Servers crashed and burned. So, Qualcomm's back to Ctrl-C, Ctrl-V'ing Arm cores into phones
Pocket fondleslabs using Snapdragon 710s arriving now
Following its Centriq server processor implosion, Qualcomm has dusted itself off, and today presented to the world another smartphone processor: the Snapdragon 710.
And as for previous Snapdragons, Qualy has pretty much xeroxed off-the-shelf Arm Cortex CPU cores. Qualcomm shifted engineers from the Snapdragon team onto its Centriq data-center-grade Arm-compatible processor project, leaving behind a skeleton crew to keep the mobile line ticking over using tweaked Arm cores as opposed to its own fully customized ground-up designs.
Then, wounded by Broadcom's attempted takeover and struggling to make its NXP acquisition fly, Qualcomm was forced this month to cut $1bn in costs – laying off more than 1,200 workers, and putting Centriq on the chopping block.
Server severed severely
The future of the data-center-friendly processor is uncertain. Bloomberg reported bosses are considering axing or selling off the technology. Qualy's spokespeople refuse to comment on the chip. Anand Chandrasekher, the semiconductor industry veteran who oversaw its development, has left Qualcomm. The US giant's website still touts the Centriq family.
Terry Lohman, Qualy's principal engineer, sounds optimistic, telling Chandrasekher on LinkedIn: "You put together a world-class team and delivered industry-leading products that customers can't wait to buy. I still believe that Centriq deserves and can take a share of the data center market."
A source at a hyper-scale cloud supplier evaluating and testing the Centriq for production deployment told us Qualcomm's "server plans are dead," adding: "I do think that the Arm server space is pretty much finished now. OpenPower is more likely to make it," as an alternative to Intel's expensive Xeons.
Indeed, we've heard repeatedly now that companies mulling deploying Centriq systems, as an alternative to Intel and AMD x86 products, are considering IBM's Power, just like Google has been.
So, quite possibly no more Centriq, and meanwhile another Snapdragon with compute cores licensed from Arm rather than Qualcomm's own homegrown designs.
Fine, OK. That's a little uncharitable. Qualcomm touts plenty of Snapdragons with off-the-shelf Arm Cortex brains. And there's more to the system-on-chip than just CPUs, just like there's more to the 845 than Cortex-A75s.
Under the hood
The 710's CPU cluster is dubbed the Kryo 360, and it features two 2.2GHz A75s, that do the beefy workloads, and six smaller 1.7GHz Cortex-A55 cores that do most of the work. There is also some Qualcomm-crafted glue logic and interconnects in there to keep them together and working with non-CPU cores that accelerate particular tasks.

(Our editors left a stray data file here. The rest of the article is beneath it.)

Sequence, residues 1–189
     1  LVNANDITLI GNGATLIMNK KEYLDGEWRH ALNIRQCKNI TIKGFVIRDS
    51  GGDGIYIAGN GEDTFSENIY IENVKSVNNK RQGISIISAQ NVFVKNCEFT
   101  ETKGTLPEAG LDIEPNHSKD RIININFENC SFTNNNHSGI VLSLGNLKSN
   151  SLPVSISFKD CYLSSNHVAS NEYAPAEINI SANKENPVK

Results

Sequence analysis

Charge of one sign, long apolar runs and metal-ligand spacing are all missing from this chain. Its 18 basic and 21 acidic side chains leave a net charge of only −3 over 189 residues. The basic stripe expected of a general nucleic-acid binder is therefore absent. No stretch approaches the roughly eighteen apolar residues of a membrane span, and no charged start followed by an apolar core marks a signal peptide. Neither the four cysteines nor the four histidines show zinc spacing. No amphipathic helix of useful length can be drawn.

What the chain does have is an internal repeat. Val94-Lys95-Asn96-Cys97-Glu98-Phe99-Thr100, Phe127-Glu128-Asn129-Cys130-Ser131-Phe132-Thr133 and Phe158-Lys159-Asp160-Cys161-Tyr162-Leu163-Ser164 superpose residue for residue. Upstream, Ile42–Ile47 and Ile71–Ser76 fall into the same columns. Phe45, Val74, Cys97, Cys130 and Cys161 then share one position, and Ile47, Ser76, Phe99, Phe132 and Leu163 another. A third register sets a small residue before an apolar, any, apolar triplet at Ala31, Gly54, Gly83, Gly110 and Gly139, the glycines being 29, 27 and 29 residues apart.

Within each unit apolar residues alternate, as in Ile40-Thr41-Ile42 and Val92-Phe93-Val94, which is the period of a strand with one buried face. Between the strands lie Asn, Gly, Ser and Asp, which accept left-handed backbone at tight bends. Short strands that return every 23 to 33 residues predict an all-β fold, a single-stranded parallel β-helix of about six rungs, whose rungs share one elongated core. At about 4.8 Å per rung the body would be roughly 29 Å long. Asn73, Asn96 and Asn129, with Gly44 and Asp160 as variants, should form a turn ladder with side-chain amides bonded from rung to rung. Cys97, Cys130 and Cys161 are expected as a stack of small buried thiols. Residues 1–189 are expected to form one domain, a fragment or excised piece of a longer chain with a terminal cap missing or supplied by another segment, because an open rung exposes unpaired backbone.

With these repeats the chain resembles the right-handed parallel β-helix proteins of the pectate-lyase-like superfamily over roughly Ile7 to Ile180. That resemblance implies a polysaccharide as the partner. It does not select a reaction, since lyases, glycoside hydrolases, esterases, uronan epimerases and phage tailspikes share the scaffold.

"The Kryo 360 is based on A75s (two performance cores) and A55s (six efficiency cores) but as it is a semi-custom design, the Kryo 360 is combined with additional low-power technologies from Qualcomm and customized with quality-of-service optimizations for prioritization of memory bandwidth in heterogeneous use cases," a spokesperson for the chip design house told us.
Inside the Snapdragon 710 ... Source: Qualcomm
Next to the CPUs are an Adreno 616 GPU, a Hexagon 685 DSP, a Spectra 250 image processor, a Snapdragon X15 4G/LTE radio modem, and various other bits and pieces like radio and audio electronics. The DSP and GPU can be used to accelerate machine-learning software in hardware via the Snapdragon Neural Processing toolkit, Android's NNAPI, and the Hexagon NN offloading library, as well as the usual frameworks, such as TensorFlow and Caffe2.
This AI stuff is getting used more and more by apps for touching up and correcting colors and lighting in photos, detecting faces in images, classifying food snapped in pics, and so on.
The Snapdragon 710
The X15 modem can shift as much as 800Mbps over a cellular connection, depending on the carrier and phone mast, and supports 4x4 MIMO antenna configurations as well as 2x2 802.11ac Wi-Fi. The Spectra can record 4K UltraHD video from a device's camera, depending on the sensor, and stabilize images and reduce noise on the fly in hardware. It supports up to 32Mp cams. The system-on-chip can also work on 10-bit-per-RGB-color images, or pictures with one billion possible colors, and playback video up to 4K HDR in resolution, depending on the attached screen.
The 10nm 710 is the first in the new 700 series of Snapdragon system-on-chips. The 800 series is aimed at top-end smartphones and netbooks, the 600 series caters for mid-range mobes, fondleslabs and embedded markets like cars, and thus the 710 fits somewhere in between.
It should be powering devices coming out this quarter, we're told. ®